This is the story of Gabito, as he was called by his mother and best friends in life. It is a book of a fundamental narrative, that describes the writer’s memories between 1927 and 1950. It is also a story of personal and professional success. A success that was clearly and unequivocally elusive, for many years.
Let me talk today about one of my most precious treasures. As a good treasured it fell into my hands by a simple coincidence. I was in Sydney, where I used to live, and as it always happens —it is still happening to me here in France—, when I cannot find books in Spanish I don’t know what to choose. I was randomly looking inside Harry Hartog, my favourite bookstore in Bondi, when I found it. Strange title, I thought. I then saw a note of recommendation classifying it as one of the best books in fiction. I bought it and left it in my own little library for two months. And when I finally took it I regret of having lost two months in which I should had known everything about this book.
Being creative is like playing hide-and-seek. She runs in every direction, I chase her, with all my speed and my strength. She stops, looks at me an laughs. She disappears. I run again, this time determined to catch her, I find her, and I touch her, yes, I think I just touched her, but when I try to grab her from her muscular arm she scapes and runs again, laughing at me, once again.
Gretchen Rubin has been famous for some years now. Not to me. I ran into her book by only a coincidence, looking for those books that are chicken soup for the soul. It was the word happiness that got my attention because, Are we not all looking to find it? Is it not the last end of life that all the philosophers talk about? The aim of all religions and theories in this world? She said she could find it and I was up for it.
‘The absolute absence of weight makes the man to become lighter in the air, to fly higher, distance from the Earth, from his earthy being, that is real only in half and his movements are as free as they are insignificant’ [my own translation]
Milan Kundera loves Nietzsche. He loves his country, Czech Republic, he loves Prague. He speaks with great sadness of the communists times that swelled the ‘before’ of his country to turn it into a group of people with fear. But it also rescues the long-lasting and stubborn braveness of his fellow countrymen who didn’t get drown by the regime despite the consequences. Tomas, the protagonist of this story, was one of them. Tomas scaped to Europe but returned because he could not stand the solitude without Tereza, who went back to Prague tired of his infidelities. Others were more strategic. They migrated for good to Europe, right in the moment they could have done it, leaving the ‘Kitsch’, the communist dream, behind. In Czech Republic the citizens only ambition mundane things. Be born, grow up, fall in love, have children and die. There is no more aspiration that living in this utopia.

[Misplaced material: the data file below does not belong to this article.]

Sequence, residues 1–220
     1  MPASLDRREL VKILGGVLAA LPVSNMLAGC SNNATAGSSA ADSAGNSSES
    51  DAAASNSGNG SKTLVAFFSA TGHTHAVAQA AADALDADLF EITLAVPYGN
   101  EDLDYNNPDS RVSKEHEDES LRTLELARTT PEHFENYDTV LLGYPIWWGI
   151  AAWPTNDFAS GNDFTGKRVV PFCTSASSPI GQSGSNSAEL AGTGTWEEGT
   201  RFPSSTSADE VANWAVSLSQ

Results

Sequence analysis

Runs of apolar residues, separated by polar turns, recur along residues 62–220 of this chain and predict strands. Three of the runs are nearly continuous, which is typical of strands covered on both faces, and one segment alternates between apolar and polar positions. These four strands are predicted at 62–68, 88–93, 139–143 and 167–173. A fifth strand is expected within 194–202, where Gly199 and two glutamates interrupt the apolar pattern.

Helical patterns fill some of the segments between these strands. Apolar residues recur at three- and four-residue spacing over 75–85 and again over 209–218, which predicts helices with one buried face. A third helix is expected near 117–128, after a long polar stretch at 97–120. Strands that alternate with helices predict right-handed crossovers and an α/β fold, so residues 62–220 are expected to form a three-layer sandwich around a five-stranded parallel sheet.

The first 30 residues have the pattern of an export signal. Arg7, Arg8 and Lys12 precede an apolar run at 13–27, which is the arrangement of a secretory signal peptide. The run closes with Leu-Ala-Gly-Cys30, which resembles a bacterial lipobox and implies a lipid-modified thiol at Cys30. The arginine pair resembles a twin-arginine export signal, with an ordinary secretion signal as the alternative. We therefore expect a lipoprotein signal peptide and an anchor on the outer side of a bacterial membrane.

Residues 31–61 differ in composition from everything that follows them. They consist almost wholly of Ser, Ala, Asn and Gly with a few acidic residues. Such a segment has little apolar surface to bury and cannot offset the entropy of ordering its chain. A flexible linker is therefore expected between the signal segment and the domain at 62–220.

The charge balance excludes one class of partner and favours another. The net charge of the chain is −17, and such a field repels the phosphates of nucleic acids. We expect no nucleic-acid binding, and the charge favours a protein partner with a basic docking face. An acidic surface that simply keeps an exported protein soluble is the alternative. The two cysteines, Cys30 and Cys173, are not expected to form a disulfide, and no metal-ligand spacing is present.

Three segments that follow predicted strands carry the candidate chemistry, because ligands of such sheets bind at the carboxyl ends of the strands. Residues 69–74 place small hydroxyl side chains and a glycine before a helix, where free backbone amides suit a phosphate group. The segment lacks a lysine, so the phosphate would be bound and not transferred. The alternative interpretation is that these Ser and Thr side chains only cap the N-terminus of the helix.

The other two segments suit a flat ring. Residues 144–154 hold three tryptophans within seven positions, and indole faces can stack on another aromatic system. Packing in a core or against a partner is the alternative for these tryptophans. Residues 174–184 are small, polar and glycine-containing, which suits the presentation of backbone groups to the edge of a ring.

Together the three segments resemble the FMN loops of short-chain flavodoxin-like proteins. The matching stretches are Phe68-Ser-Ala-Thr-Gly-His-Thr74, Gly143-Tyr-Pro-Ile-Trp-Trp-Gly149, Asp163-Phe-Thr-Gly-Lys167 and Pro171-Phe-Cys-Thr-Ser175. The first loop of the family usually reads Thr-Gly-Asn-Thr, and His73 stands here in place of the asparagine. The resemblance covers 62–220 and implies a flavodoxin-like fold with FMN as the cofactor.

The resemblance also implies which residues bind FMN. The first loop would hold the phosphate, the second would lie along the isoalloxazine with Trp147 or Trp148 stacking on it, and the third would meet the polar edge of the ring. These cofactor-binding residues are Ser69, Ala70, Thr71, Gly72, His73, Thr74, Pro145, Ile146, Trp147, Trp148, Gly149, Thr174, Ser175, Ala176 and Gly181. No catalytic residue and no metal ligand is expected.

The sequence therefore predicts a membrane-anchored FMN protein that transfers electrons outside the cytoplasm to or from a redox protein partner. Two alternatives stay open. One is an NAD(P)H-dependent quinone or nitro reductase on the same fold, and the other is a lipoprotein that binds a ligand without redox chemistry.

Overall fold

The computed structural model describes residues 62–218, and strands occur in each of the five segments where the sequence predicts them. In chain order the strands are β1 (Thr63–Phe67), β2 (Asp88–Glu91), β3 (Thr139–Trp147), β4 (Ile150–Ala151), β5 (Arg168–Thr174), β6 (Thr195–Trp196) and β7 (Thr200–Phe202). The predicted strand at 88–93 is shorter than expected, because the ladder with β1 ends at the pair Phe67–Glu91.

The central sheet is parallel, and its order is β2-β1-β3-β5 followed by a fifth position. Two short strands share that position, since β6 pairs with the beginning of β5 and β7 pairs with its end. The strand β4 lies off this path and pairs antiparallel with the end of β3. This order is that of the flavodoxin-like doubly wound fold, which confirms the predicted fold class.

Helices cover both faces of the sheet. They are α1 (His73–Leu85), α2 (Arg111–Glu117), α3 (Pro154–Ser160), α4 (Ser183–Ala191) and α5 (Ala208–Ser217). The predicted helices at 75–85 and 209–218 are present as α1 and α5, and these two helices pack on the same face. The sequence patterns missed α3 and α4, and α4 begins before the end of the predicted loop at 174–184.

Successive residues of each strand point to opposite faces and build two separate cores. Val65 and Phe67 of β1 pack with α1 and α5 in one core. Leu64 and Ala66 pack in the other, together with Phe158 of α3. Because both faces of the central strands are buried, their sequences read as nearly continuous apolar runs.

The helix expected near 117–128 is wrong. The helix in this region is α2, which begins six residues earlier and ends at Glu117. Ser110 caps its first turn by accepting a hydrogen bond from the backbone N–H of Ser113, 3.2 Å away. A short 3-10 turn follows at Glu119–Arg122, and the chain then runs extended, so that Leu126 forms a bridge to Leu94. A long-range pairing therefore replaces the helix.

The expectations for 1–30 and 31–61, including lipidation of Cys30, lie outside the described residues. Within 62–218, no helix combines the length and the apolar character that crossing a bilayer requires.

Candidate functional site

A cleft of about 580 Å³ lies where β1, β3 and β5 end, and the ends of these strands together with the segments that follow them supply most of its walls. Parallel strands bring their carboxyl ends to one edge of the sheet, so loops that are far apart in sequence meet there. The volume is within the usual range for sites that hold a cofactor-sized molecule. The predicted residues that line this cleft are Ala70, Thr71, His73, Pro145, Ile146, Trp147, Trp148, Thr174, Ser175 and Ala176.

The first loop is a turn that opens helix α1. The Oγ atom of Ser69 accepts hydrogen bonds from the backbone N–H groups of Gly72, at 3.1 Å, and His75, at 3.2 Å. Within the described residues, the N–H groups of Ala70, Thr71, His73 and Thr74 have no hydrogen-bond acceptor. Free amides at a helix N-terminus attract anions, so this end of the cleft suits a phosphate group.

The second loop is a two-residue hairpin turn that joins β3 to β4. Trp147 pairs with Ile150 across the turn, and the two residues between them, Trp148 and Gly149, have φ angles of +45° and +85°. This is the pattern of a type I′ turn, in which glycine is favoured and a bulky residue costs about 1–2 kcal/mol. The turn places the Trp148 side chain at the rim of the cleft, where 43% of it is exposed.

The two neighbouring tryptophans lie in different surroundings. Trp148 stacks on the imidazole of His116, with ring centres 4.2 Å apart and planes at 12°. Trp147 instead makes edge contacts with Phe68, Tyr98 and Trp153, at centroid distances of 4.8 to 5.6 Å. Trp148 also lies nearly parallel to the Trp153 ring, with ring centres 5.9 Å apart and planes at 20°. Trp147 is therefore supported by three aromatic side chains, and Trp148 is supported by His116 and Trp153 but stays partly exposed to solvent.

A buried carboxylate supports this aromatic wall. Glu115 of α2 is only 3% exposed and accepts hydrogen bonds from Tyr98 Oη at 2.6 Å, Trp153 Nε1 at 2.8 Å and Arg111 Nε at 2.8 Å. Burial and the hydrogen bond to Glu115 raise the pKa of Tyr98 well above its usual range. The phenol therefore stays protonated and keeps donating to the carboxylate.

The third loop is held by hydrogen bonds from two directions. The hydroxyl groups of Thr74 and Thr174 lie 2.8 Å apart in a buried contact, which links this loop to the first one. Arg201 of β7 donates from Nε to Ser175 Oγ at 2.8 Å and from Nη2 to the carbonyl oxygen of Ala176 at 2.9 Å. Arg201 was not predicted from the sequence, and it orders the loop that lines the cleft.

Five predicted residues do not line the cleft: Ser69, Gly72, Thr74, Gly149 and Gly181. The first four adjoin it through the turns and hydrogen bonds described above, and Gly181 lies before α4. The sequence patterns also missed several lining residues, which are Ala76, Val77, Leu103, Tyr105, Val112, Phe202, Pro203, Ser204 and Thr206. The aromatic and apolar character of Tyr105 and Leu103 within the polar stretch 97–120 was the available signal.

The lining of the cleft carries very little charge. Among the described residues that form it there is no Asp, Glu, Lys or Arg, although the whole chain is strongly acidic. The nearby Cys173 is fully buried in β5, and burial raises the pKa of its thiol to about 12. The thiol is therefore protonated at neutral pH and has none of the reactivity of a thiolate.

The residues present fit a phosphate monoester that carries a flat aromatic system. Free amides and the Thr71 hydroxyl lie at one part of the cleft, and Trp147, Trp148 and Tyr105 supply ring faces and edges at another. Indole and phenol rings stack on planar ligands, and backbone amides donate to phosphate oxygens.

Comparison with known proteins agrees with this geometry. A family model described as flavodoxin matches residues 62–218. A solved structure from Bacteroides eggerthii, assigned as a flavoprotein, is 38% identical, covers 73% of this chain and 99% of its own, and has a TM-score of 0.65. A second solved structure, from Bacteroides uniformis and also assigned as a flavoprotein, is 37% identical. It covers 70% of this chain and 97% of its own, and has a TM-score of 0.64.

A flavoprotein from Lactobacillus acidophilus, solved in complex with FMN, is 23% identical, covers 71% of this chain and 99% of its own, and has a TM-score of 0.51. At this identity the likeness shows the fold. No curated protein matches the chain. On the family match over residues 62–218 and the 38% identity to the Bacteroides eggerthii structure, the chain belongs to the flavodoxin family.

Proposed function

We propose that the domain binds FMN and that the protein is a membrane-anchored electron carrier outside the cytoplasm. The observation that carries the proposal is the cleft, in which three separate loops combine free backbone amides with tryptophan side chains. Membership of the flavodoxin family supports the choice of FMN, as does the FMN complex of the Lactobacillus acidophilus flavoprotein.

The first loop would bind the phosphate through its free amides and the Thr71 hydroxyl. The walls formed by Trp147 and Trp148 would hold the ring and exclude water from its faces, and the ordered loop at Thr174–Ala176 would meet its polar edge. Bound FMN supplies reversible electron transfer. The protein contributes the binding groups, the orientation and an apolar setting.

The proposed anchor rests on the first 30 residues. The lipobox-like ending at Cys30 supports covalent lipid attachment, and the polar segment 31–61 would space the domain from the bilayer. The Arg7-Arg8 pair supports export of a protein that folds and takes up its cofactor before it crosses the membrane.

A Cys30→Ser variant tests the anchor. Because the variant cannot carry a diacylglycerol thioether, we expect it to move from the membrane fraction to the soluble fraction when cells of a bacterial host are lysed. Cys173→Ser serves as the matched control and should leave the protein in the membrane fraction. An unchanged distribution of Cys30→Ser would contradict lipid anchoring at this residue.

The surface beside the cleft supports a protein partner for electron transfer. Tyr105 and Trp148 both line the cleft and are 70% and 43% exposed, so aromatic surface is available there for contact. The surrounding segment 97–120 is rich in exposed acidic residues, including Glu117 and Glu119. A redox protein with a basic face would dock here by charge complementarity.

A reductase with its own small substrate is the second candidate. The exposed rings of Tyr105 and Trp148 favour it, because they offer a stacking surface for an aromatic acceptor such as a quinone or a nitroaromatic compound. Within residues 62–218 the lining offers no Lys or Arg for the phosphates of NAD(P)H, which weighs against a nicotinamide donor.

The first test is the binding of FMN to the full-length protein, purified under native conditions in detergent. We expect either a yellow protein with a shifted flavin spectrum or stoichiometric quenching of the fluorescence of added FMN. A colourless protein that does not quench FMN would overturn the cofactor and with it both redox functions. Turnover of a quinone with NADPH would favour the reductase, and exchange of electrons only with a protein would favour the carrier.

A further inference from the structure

This review has no spoilers. A literary, technological and futuristic story perfect to be the theme of a great movie!
I have always doubted to talk about books that make me fall in an spiral and land in religious arguments. This review has no intention of changing a single historic, religious or spiritual belief. This review has been made to tell those who like Jesus that this is a great story. It talks about him, and the things he said, and with whom he talked, and whom he met, and what he ate, and saw, during his life, and at the end.
This book fell in my hands after Bill Gates recommended it as one of his favourite summer readings. At the beginning I thought it was a Spy’s thriller (one of my favourite genres) and that is why I ran out to buy it.
There is this shock when you realize that even before opening a book you have had a misconception. A Gentleman in Moscow was not about spies. Yes, you could feel them breathing in the main character’s neck from time to time but the story is not typical. As I was expecting the usual spy thriller, the book seemed slow and calm at the beginning. It was good that I decided to go up to the end, otherwise I would have missed a wonderful piece of literature.
Olga Tokarczuk does not need an introduction. Well, she is from Poland, Nobel Literature Prize 2018. That’s it. She has won several literature prices before. I understand why. She writes as if she were rolling over sentences in a beautiful song and each one of those sentences are attached to one another in perfection. But it was not this what left me with an open mouth. After several days and weeks of finishing ‘Flights’ my head is still spinning trying to guess how was she capable of put such simple stories, that could happen to anyone, in paper. Some of us have lived those stories, or at least one of the stories (exploration of the human body, migration, travel, languages, romance, life and death), but none of us would have been capable of telling them in such a sublime way.